An interview with Steve Steuart, former Chief Technology Officer of Astadia, and Kevin Hansen, Chief Technologist, Micro Focus Government Solutions
Sooner or later, agencies need to confront a hard truth about their legacy mainframe environments: While the mainframe is a reliable, stable platform, it is not exactly a hotbed of innovation. If agencies want to take advantage of the latest technologies, such as artificial intelligence, containerization and advanced analytics, they should look to the cloud.
With that in mind, we spoke with Steve Steuart, Chief Technology Officer at Astadia, and Kevin Hansen, Chief Technologist at Micro Focus Government Solutions, whose companies have teamed to help agencies move mainframe assets to cloud-based platforms. They recommended approaching such a move in three phases.
The first step is to assess your existing applications, associated processes and infrastructure to highlight the value and impact of migrating your mainframe environment to the cloud. Automated tools can help assess application inventories, infrastructure dependencies, cloud readiness/maturity and other related components and processes.
One of the goals is to understand what needs to be migrated – and what can be left behind. That can be
a daunting task. Most mainframe environments have been around for decades, and they likely include many applications and processes that have outlived their value, Steuart said. You need to make rational choices about what you really need – about what aligns with the needs of the operation.
The most proven approach to moving workloads off the mainframe is to do a “lift and shift” – rehosting (recompiling) an application as-is to the cloud. Lift-and-shift is sometimes frowned on, because such applications don’t take full advantage of cloud capabilities. But when used as an incremental modernization step, it offers an extremely pragmatic approach, especially from a financial perspective.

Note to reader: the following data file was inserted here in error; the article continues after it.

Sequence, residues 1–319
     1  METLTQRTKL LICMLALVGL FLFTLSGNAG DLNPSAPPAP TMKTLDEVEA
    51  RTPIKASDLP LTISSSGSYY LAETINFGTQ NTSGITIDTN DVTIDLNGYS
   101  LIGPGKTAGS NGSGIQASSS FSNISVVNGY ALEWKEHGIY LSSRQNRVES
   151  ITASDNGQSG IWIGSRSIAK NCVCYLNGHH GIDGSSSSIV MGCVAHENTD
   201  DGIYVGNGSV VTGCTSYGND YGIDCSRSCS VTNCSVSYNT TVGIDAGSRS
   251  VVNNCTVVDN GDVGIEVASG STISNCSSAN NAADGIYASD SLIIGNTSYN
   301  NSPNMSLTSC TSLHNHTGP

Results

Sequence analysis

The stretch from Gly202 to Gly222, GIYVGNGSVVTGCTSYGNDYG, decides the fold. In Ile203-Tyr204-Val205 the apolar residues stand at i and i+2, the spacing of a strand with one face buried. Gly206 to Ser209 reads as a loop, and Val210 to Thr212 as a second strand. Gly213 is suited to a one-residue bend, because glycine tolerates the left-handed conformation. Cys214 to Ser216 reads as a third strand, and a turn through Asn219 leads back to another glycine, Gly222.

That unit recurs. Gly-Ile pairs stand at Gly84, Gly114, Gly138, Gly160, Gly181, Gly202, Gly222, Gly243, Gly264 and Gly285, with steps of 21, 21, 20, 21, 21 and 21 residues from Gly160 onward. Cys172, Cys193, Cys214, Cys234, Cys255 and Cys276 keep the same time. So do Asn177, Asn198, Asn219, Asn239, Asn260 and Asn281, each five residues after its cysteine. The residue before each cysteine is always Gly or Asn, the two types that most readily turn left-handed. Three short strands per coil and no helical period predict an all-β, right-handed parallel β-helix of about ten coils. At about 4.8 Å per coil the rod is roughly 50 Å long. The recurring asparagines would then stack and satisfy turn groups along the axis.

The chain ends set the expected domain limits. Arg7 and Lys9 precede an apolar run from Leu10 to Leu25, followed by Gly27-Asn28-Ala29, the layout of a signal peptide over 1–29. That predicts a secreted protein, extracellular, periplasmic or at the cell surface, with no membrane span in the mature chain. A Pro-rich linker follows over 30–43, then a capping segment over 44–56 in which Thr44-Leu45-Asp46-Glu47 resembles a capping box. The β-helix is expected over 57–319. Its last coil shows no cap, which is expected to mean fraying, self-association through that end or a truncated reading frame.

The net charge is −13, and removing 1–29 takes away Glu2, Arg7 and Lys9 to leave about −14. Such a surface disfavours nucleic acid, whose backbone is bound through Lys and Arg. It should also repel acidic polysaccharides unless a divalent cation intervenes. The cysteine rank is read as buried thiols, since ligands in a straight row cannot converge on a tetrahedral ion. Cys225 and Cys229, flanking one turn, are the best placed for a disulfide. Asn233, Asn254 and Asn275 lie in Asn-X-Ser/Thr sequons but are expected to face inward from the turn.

Because most legacy mainframe platforms are based on proprietary technology, they are inherently more expensive than cloud and other platforms that are based on commodity technology. Once these applications are rehosted however, many options open up to expose COBOL code to modern languages and API or micro service architectures. Re-hosting “provides a really low-risk approach and quick time-to-value, for existing mainframe workloads,” Hansen said.
But agencies will achieve even greater benefits by continuing to modernize the applications once they are rehosted in the cloud, making it easier to leverage new technology and innovations.
Continuous modernization options include refactoring or restructuring the code to improve its performance, exposing application transactions as web services, or even rewriting the application altogether. Agencies also might move to a continuous integration/continuous delivery model, in which new capabilities are delivered incrementally on a regular basis, rather than as part of a big-bang-style product update quarterly or annually.
The overarching goal is to keep applications evolving as requirements evolve, rather than trying to play catch-up every five or 10 years. “Work on continuous modernization,” Hansen said. “It’s not a project you do once, and you’re done. It’s an on-going journey.”